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Saturday, February 28, 2015

Pickaxe is my newest novel from Macabre Ink


           Macabre Ink and Crossroad Press published Pickaxe on February 26, 2015. Pickaxe introduces four new continuing characters in my Instruments of Death series: Sewer Rat, Troy Nolan, Sally Brightson, and Harvey Fredriks.  


Macabre Ink and Crossroad Press published a new digital edition of the revised Claw Hammer in 2014. Claw Hammer was the start of the series, followed by Daddy's Home and then Pickaxe. Icepick should be out shortly from the same publisher. Meat Cleaver will be out mid-year, followed by Sledge Hammer, Box Cutter, and Pinking Shears.           

Claw Hammer was my first published horror novel, and since its original publication in 1989 I have written nine additional novels set in imaginary Riverdale, Illinois, which is a combination of my native Rockford and Aurora and Oak Park, northern Illinois cities where I’ve lived and written novels. Carl Erickson, the homicide detective from Claw Hammer, also appears in Pickaxe, Icepick, Sledgehammer, Box Cutter, and Pinking Shears. After Carl retires, Troy Nolan and Andy Sinnott take over his roles, both appearing in Meat Cleaver.

           

 

 

Sunday, February 22, 2015

Birth of an Assassin


When a well-told tale comes from a first-time author, one imagines the author toiling over each word and becoming so intimate with each of the characters that the author knows the characters better than he knows his own family. Such novels are a pleasure to read, and Rik Stone’s Birth of an Assassin is one of those well-told tales that’s a pleasure to read.

            Stone begins the tale at the end of the Great Patriotic War. His details of life in Russia take us back in time to the starvation days of the Stalin era when the only way out of a life of poverty and misery was to join the Soviet army. Jez Kornfeld is the only son of a peasant Jewish family with two younger and one older sisters. Jez dreams of becoming a Soviet soldier. He leaves home and travels to Moscow to enlist. When he asks some soldiers outside the Kremlin where to enlist in the army, the soldiers play a cruel joke on the na├»ve youngster and send him to Secret Police Headquarters in Dzerzhinsky Square. At the Lubyanka, Jez bumps into a uniformed colonel and tells the colonel he came to enlist. The colonel, both amused by the kid’s obvious gullibility and impressed with the little twerp’s enthusiasm to become a soldier, sends Jez to boot camp where Jez meets and falls in love with Anna. After initial training, the colonel sends Jez to Spetsnaz for additional training and select assignments. Jez excels and is quickly promoted up the ranks to lieutenant.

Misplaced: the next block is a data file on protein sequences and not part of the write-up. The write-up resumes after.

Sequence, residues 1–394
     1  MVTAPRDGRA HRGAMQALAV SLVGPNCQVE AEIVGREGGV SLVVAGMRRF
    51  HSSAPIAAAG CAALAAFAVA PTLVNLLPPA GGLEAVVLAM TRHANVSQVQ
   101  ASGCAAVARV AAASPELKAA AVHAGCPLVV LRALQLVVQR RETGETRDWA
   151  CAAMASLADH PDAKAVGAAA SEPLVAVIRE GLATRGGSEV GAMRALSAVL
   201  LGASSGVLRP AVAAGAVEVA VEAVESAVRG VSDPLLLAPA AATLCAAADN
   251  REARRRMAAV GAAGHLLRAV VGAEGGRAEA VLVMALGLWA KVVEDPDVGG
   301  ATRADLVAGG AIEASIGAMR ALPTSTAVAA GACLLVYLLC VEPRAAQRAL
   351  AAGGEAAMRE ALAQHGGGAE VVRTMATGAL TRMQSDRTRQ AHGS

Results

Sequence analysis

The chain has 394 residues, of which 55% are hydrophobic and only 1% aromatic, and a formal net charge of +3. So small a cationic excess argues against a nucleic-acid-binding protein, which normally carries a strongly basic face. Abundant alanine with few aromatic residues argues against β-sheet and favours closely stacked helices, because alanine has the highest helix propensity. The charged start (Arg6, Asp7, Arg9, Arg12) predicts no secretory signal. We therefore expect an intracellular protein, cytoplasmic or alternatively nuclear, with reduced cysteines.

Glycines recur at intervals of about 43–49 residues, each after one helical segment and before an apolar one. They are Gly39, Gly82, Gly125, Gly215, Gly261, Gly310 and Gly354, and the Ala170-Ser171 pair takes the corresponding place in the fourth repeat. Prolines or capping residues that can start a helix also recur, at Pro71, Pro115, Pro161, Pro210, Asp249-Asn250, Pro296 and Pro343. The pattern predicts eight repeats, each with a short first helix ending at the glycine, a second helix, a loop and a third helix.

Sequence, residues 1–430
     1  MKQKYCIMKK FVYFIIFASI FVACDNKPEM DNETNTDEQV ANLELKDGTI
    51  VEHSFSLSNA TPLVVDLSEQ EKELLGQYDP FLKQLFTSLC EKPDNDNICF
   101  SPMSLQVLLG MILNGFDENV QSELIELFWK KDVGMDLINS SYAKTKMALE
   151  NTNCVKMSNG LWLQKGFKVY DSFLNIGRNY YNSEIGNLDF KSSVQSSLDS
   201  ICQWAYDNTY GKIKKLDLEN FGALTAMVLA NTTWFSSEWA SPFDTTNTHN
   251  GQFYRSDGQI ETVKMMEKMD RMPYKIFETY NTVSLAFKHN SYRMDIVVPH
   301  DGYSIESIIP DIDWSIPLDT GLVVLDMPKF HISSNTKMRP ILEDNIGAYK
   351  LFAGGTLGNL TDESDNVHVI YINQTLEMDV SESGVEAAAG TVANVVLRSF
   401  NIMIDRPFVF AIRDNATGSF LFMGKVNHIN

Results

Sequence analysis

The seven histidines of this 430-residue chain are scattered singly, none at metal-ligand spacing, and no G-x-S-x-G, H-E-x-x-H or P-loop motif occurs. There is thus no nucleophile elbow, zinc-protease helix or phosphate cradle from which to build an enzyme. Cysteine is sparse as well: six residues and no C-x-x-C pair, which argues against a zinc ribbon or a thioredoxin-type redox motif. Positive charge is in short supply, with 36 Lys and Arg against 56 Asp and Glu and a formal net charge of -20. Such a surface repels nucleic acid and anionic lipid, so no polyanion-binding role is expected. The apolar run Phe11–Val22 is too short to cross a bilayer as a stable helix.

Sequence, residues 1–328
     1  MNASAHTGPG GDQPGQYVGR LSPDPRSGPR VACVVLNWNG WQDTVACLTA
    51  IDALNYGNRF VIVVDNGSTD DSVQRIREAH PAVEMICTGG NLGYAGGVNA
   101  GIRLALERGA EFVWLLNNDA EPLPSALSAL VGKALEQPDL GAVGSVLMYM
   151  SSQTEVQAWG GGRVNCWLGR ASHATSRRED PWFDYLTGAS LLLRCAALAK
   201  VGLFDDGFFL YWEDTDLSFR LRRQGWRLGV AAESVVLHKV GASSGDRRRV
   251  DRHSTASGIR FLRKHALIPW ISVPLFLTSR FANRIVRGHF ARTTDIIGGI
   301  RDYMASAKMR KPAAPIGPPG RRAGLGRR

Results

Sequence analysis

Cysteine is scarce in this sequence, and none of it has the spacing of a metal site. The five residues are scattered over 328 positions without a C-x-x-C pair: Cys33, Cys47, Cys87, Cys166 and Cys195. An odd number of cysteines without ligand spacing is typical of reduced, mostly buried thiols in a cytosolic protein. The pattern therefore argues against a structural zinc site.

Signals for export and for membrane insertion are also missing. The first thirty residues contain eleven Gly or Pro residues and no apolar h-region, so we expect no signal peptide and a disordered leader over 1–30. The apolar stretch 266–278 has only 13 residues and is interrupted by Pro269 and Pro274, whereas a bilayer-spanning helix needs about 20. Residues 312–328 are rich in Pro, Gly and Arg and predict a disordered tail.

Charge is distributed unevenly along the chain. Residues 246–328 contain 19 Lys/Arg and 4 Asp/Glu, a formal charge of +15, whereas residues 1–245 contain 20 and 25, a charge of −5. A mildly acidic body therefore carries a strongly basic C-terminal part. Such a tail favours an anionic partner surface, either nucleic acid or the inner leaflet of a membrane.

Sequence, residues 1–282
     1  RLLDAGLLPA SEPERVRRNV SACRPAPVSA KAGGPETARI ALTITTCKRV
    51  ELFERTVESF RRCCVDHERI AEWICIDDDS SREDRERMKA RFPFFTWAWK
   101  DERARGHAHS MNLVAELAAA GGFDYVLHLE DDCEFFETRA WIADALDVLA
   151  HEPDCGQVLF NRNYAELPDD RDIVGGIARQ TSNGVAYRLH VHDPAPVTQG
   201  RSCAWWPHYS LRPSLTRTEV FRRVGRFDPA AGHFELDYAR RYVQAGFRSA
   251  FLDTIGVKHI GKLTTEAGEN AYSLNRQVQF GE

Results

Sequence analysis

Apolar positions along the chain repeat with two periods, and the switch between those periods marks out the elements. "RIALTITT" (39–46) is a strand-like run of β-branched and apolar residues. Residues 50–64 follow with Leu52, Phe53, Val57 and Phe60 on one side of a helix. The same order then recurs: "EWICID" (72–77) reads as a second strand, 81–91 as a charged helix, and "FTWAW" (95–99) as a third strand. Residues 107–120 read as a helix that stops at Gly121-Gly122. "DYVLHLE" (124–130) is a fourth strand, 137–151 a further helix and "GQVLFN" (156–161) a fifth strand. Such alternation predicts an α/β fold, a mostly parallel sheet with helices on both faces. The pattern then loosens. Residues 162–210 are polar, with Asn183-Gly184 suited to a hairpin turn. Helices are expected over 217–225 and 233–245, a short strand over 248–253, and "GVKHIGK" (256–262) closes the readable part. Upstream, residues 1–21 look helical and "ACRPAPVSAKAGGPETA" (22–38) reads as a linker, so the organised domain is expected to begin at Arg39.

Unfortunately, although he has killed men and women and even became a torturer of traitors at Lubyanka, Jez remains gullible. He is framed for murder and accused of operating a human-trafficking ring that sells women into prostitution. Jez learns what it’s like to be tortured himself in the basement of Lubyanka Prison. I won’t spoil the brilliant plot by telling how Jez meets Anna again, but I will say that complications ensue. Every time things seem to be going right for Kornfeld, complications develop.

            What makes the story special isn’t the vivid detail and historical accuracy of the settings. It’s the brilliant characterizations. We care about Jez and his problems, and we want Jez and Anna to live happily ever after. But Jez is a hated Jew in Soviet Russia, a wanted criminal, and we worry about him incessantly. He has a lot going for him, but he had even more going against him. We cheer his occasional triumphs, and we weep at his disappointments and mental and physical anguish. Sometimes we don’t even care if he ever achieves happiness. We just want him to survive.

            Birth of an Assassin may seem overly long and take forever to read, but we keep reading anyway. That’s my definition of a well-told tale. I hope Rik Stone writes new novels. I’ll be looking to buy them when they appear.

 

 

 

 

 

 

Tuesday, February 17, 2015

Remember Barbie?


“I’m taking my childhood back,” says  P.  J., the kill-crazy antagonist of Wyborn Senna’s Bury Me With Barbie. “I get to redo it my way, and nobody can stop me.”